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Dogs and Waterfowl Tips

  • Does Nutrition Matter For Your Hunting Dog?

    Hunting Dog Health- FoodCorn, wheat, soy, chicken beaks, intestines, feathers, feces… do these sound like ingredients that your hunting partner can thrive on?  Not at all!  We will start with saying that dogs are carnivores, therefore; they should be eating meat, not loads of grains!  The three main grains that you want to keep out of your dog’s food are corn, wheat, and soy.  Dogs cannot process these ingredients.  They oftentimes produce shedding, itching, dry skin, hot spots, ear infections, eye drainage, throwing up, diarrhea, and allergies.  Consuming grains can also make your dog become overweight.  These things don’t just happen overnight.  When you feed a low quality food without all of the nutrients you dog needs to prosper, it slowly wears them down and their body systems start to deteriorate.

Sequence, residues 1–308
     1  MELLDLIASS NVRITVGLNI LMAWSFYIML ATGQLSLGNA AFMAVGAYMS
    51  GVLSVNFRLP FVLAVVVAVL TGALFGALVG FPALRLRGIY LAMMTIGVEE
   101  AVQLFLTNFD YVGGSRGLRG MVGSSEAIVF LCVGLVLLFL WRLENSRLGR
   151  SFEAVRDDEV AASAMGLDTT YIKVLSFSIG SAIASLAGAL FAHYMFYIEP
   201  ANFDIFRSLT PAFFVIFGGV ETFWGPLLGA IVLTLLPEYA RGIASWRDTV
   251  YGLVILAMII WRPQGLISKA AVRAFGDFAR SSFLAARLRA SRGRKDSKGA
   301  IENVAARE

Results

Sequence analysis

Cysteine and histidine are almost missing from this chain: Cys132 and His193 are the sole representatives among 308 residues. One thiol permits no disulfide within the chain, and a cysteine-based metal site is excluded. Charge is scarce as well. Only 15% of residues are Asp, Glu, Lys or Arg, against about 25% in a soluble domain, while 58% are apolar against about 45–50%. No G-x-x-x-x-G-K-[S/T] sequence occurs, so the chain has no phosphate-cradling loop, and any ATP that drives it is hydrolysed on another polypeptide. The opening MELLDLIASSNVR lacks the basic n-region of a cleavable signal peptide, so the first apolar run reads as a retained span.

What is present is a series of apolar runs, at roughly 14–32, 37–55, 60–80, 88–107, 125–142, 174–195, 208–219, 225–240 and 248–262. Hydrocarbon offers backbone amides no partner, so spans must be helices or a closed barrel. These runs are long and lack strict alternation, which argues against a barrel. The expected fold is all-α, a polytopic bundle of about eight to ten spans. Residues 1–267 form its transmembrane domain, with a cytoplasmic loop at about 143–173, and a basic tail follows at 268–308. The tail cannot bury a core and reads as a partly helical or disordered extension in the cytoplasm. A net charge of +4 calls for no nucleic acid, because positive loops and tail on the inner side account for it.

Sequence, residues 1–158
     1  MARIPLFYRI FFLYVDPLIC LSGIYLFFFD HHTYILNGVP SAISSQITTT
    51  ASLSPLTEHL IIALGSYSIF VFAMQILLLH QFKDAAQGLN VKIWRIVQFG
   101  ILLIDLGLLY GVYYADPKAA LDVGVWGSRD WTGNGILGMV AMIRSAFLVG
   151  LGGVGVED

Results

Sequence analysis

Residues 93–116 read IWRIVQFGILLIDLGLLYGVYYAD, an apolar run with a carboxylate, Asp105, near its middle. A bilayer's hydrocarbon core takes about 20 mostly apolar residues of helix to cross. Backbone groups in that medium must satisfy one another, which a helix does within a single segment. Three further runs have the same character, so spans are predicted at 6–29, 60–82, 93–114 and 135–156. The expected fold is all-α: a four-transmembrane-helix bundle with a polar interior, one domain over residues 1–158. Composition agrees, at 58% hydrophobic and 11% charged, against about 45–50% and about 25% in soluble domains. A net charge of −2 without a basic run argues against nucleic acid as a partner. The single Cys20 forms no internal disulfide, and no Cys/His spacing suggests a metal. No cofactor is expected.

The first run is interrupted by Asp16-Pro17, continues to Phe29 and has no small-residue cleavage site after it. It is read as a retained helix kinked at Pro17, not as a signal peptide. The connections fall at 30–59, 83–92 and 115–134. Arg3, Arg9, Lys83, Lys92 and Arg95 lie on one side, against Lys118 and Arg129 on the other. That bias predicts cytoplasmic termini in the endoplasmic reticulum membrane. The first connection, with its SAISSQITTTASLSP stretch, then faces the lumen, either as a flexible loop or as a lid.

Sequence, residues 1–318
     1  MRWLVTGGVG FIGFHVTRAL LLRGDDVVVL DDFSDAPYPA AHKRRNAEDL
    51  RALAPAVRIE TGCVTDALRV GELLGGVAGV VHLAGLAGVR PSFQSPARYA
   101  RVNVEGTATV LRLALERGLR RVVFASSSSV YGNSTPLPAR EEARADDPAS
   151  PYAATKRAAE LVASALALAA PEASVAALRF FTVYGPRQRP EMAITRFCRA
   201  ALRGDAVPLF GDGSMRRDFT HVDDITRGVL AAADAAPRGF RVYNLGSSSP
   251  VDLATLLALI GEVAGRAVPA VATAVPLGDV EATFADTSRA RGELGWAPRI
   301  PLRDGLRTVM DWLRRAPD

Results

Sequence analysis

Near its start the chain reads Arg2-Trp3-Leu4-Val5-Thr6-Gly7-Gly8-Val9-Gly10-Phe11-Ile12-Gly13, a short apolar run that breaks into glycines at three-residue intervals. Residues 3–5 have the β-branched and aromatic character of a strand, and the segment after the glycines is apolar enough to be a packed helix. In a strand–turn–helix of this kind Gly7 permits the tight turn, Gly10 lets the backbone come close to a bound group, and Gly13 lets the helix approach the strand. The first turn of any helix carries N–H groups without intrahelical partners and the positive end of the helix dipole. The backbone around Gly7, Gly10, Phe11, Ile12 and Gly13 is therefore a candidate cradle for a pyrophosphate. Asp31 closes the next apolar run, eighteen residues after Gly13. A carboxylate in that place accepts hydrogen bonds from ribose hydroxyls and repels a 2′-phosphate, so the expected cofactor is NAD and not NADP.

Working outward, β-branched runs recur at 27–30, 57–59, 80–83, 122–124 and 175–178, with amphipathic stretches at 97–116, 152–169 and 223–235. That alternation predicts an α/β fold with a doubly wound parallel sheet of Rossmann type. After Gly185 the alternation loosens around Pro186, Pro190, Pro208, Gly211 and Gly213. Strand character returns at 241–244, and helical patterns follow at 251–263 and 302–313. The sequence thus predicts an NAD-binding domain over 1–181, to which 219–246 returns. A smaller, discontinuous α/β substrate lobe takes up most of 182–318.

How do you know what to feed?  The main thing you want to look at in a food is the ingredient list.  The ingredients are always listed in descending order by weight.  You always want your first few ingredients to be specific meat or meat meals such as chicken meal, duck meal, or salmon meal.  If it is listed as meat meal with no specific protein source, you want to stay far away from it because you have no idea what they are using.  The other fact that you need to be cautious about when picking a food is it containing animal by-products.  These are simply the parts of an animal that are of such low quality they are rejected for human uses.  They can be beaks, feathers, hooves, skin, feet, undeveloped eggs etc.  Other things to check for in your food are chemicals preservatives (BHA, Ethyoxoquin etc.). These are known carcinogens.